Circadian blood pressure classification scheme and the health of patients with chronic kidney disease

Rajiv Agarwal, Shathabish S. Kariyanna, Robert P. Light

Research output: Contribution to journalArticle

12 Citations (Scopus)

Abstract

Background: In health, a sinusoidal rhythm is observed in systolic blood pressure (BP) that peaks (acrophase) during the waking hours (in-phase), but in those with chronic kidney disease (CKD) the acrophase is often observed during sleeping hours (out-of-phase). Yet in others the amplitude of the variation may be so blunted that acrophase may not be definable (phase-less). Circadian rhythms in systolic BP are often described by the dichotomous dipper classification but may not be adequate to fully characterize derangements in cyclical variation in BP. Methods: To compare classification of circadian BP variation by phase-based classification to dipper-status we examined the cross-sectional relationship of these classification patterns to several markers of health such as health-related quality of life (Kidney Disease Quality of Life Survey, KDQOL) and physical activity (actigraphy over 2 weeks). We also assessed the relationship of circadian BP variation with circadian variation in urine electrolyte and albumin excretion rates. Results: Among 103 veterans with CKD (97% men, age 69, diabetes mellitus 30%, eGFR 38.8 ml/min/1.73 m 2) no differences were seen between dippers and non-dippers (n = 77, 75%) in eGFR, urinary Na and Cl excretion rates, or KDQOL. However, non-dippers had lower levels of physical activity and greater albuminuria compared to dippers. The same patients were classified to be in-phase (n = 36, 35%), phase-less (n = 19, 18%) or out-of-phase (n = 48, 47%). Patients in-phase had a higher eGFR and somewhat surprisingly also had the highest Na and Cl excretion rates compared to others. Those with out-of-phase systolic BP had the lowest physical composite score on KDQOL, the lowest level of physical activity, and the greatest amount of albuminuria. Conclusions: Among patients with CKD, circadian BP profile described by either dipper-based or phase-based classification is related to the level of physical activity and the severity of kidney damage. The circadian BP profile is related to overall health and nutritional intake only when using the phase-based classification. The value of these classification schemes to profile circadian BP will require longitudinal studies.

Original languageEnglish
Pages (from-to)536-546
Number of pages11
JournalAmerican Journal of Nephrology
Volume30
Issue number6
DOIs
StatePublished - Dec 2009

Fingerprint

Chronic Renal Insufficiency
Blood Pressure
Health
Kidney Diseases
Quality of Life
Exercise
Albuminuria
Actigraphy
Veterans
Circadian Rhythm
Electrolytes
Longitudinal Studies
Albumins
Diabetes Mellitus
Urine
Kidney

Keywords

  • Actigraphy
  • Ambulatory blood pressure monitoring
  • Chronic kidney disease
  • Cosinor analysis
  • Hypertension
  • Physical activity

ASJC Scopus subject areas

  • Nephrology

Cite this

Circadian blood pressure classification scheme and the health of patients with chronic kidney disease. / Agarwal, Rajiv; Kariyanna, Shathabish S.; Light, Robert P.

In: American Journal of Nephrology, Vol. 30, No. 6, 12.2009, p. 536-546.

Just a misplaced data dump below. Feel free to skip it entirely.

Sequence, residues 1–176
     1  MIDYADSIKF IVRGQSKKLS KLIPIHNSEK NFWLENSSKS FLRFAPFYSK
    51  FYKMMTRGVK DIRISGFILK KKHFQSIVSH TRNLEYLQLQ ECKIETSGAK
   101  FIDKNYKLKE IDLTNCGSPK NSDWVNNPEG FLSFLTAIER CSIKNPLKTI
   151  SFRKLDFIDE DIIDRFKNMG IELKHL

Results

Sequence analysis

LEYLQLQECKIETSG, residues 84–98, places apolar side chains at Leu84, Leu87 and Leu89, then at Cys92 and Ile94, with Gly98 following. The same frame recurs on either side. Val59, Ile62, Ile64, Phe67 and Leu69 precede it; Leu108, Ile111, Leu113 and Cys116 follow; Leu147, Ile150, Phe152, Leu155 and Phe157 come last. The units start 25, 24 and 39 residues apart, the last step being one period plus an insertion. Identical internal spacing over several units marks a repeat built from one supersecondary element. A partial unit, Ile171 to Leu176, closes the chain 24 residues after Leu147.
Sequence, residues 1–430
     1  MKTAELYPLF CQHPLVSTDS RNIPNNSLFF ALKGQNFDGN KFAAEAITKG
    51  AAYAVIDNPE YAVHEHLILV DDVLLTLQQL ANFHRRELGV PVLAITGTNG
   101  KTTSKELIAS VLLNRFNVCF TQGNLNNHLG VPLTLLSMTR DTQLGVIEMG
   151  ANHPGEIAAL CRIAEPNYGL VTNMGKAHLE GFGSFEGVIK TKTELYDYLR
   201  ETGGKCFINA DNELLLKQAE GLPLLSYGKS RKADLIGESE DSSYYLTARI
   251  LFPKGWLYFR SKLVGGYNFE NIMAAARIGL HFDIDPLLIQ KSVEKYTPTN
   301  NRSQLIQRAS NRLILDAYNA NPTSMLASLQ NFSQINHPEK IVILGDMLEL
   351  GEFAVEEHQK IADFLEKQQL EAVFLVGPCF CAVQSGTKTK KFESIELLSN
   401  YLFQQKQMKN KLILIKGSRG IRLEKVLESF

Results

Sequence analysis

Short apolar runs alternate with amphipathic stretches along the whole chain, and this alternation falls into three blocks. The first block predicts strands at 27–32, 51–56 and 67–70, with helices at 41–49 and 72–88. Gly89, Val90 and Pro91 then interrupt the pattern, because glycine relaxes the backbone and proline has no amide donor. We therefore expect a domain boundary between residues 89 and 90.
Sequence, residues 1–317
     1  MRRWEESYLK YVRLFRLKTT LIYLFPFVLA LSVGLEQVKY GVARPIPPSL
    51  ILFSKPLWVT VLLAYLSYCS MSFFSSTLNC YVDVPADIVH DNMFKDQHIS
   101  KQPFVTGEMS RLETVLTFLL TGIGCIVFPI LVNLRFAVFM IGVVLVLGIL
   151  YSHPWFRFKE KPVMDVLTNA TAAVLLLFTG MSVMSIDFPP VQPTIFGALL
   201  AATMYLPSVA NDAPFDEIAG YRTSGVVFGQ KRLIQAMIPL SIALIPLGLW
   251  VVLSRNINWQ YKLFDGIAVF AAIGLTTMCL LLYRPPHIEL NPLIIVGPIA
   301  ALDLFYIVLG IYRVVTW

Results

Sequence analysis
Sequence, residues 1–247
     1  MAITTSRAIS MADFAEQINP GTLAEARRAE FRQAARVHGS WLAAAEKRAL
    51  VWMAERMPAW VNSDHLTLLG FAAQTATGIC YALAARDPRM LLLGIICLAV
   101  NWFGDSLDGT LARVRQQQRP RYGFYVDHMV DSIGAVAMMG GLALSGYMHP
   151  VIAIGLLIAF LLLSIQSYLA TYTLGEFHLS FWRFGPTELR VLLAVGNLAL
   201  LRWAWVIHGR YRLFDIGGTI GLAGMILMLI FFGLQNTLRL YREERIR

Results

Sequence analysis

Research output: Contribution to journalArticle

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abstract = "Background: In health, a sinusoidal rhythm is observed in systolic blood pressure (BP) that peaks (acrophase) during the waking hours (in-phase), but in those with chronic kidney disease (CKD) the acrophase is often observed during sleeping hours (out-of-phase). Yet in others the amplitude of the variation may be so blunted that acrophase may not be definable (phase-less). Circadian rhythms in systolic BP are often described by the dichotomous dipper classification but may not be adequate to fully characterize derangements in cyclical variation in BP. Methods: To compare classification of circadian BP variation by phase-based classification to dipper-status we examined the cross-sectional relationship of these classification patterns to several markers of health such as health-related quality of life (Kidney Disease Quality of Life Survey, KDQOL) and physical activity (actigraphy over 2 weeks). We also assessed the relationship of circadian BP variation with circadian variation in urine electrolyte and albumin excretion rates. Results: Among 103 veterans with CKD (97{\%} men, age 69, diabetes mellitus 30{\%}, eGFR 38.8 ml/min/1.73 m 2) no differences were seen between dippers and non-dippers (n = 77, 75{\%}) in eGFR, urinary Na and Cl excretion rates, or KDQOL. However, non-dippers had lower levels of physical activity and greater albuminuria compared to dippers. The same patients were classified to be in-phase (n = 36, 35{\%}), phase-less (n = 19, 18{\%}) or out-of-phase (n = 48, 47{\%}). Patients in-phase had a higher eGFR and somewhat surprisingly also had the highest Na and Cl excretion rates compared to others. Those with out-of-phase systolic BP had the lowest physical composite score on KDQOL, the lowest level of physical activity, and the greatest amount of albuminuria. Conclusions: Among patients with CKD, circadian BP profile described by either dipper-based or phase-based classification is related to the level of physical activity and the severity of kidney damage. The circadian BP profile is related to overall health and nutritional intake only when using the phase-based classification. The value of these classification schemes to profile circadian BP will require longitudinal studies.",
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